The US Commodity Futures Trading Commission (CFTC) will allow Korean dealers to directly trade with US investors without requiring them to register as a futures commission merchant (FCM).
The order to the Korean Exchange (KRX) permits certain exchange members to deal KRX derivatives such as its flagship KOSPI 200 futures directly with US customers.
According to a statement from the exchange, the ruling is expected to increase US activity in the Korean futures market, in which local banks will be able to “solicit and provide information and infrastructure to US investors.”
Prior to the announcement, US institutional investors had to open accounts with FCMs to trade Korean futures. However a lack of direct access had undermined US activity in the market. According to the exchange, while foreign investors made up 56.5% of KOSPI 200 futures transactions in 2015, the US share made just 0.66%.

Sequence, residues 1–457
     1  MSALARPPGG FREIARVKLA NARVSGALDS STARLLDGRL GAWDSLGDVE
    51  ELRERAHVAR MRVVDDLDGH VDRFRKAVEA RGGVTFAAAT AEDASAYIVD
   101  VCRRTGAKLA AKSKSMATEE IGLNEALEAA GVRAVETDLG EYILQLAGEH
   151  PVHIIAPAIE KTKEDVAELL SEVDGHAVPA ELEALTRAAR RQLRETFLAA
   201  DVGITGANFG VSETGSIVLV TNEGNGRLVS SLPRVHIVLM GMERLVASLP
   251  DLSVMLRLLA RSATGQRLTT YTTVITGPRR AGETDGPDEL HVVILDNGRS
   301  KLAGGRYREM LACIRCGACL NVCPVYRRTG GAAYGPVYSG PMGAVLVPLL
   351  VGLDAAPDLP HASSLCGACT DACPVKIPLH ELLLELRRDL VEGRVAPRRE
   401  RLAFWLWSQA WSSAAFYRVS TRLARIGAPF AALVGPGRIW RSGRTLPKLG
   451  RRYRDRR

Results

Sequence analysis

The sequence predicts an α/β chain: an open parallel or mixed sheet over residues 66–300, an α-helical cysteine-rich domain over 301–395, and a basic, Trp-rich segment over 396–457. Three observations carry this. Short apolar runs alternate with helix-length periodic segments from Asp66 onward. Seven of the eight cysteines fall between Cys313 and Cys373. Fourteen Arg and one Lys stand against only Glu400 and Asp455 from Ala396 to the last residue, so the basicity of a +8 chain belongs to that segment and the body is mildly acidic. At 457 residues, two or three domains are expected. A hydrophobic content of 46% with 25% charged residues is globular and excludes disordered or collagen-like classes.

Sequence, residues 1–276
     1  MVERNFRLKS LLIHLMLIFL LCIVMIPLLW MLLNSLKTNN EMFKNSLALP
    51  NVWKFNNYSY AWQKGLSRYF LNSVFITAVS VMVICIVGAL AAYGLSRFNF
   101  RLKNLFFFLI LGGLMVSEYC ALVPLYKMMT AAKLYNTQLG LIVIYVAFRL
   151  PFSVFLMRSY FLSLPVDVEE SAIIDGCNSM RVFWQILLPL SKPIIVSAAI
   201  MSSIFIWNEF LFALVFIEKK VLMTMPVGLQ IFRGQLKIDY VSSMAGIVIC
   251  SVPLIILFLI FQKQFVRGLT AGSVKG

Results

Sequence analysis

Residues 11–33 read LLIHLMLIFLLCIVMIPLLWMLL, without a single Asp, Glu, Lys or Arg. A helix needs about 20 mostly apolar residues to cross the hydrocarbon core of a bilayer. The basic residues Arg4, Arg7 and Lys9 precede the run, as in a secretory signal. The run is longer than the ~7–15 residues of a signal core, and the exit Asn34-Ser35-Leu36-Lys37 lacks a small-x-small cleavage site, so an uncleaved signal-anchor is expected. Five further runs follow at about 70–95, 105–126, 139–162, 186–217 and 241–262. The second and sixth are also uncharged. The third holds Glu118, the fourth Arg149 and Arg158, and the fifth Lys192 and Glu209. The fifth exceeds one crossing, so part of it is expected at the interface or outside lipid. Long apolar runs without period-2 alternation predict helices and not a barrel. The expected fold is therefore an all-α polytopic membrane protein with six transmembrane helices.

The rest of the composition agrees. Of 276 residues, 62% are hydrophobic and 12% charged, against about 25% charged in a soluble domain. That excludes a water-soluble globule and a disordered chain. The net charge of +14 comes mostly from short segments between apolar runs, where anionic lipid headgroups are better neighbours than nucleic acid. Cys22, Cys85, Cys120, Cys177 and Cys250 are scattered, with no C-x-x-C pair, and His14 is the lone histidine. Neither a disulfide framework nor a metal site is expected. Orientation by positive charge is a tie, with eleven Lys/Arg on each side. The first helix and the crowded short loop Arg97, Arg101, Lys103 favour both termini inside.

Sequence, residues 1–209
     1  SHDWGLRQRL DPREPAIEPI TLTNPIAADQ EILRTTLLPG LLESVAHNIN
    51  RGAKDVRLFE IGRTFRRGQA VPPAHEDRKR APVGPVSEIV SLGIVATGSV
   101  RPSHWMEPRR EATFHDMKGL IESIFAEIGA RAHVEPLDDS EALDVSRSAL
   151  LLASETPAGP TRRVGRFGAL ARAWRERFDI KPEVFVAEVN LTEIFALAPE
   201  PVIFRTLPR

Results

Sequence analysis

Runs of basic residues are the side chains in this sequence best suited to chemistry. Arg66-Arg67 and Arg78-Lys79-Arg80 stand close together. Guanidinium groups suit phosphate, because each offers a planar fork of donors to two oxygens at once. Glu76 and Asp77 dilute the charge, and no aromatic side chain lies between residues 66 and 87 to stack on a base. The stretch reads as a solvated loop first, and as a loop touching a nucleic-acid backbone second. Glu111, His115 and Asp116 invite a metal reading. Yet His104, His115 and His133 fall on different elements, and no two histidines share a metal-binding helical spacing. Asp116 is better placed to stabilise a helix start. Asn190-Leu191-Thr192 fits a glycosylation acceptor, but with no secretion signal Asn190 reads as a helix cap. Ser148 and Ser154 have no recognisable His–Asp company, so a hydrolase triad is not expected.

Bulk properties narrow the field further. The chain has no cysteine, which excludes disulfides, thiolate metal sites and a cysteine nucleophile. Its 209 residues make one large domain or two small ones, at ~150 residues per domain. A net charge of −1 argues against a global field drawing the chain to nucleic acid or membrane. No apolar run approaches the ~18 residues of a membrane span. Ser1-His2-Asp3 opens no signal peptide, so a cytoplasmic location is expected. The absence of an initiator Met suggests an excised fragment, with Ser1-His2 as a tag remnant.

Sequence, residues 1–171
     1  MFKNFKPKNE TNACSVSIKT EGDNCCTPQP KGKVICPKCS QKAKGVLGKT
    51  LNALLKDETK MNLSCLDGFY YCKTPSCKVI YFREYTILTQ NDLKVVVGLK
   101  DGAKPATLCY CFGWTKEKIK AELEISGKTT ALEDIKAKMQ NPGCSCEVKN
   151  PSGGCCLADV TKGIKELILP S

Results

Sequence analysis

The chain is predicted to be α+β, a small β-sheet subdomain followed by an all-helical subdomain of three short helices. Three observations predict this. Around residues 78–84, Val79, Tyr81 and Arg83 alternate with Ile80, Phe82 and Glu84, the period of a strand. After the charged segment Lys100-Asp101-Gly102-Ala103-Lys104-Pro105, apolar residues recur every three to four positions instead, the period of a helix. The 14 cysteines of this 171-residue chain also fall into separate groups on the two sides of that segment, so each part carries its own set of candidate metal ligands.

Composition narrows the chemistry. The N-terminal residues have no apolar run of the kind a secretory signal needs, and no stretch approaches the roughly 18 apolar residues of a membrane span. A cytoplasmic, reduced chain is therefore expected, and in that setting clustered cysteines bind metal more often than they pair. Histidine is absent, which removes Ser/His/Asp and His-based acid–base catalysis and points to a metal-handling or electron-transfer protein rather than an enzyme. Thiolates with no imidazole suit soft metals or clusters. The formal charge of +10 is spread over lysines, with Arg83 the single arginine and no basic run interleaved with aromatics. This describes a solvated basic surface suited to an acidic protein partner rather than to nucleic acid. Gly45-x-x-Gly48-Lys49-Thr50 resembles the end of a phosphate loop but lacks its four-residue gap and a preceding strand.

Following the ruling, KRX plans to allow it’s the KOSPI 200 index options to become “legally accessible to US investors through relief by the Securities Exchange Commission (SEC).”
The exchange is looking to significantly boost its activity with both the US and Europe. In November last year, the European Commission granted equivalency to Korea, allowing European banks to clear transactions with the Korean CCP.
KRX also established “after hours” trading links with both Eurex and CME.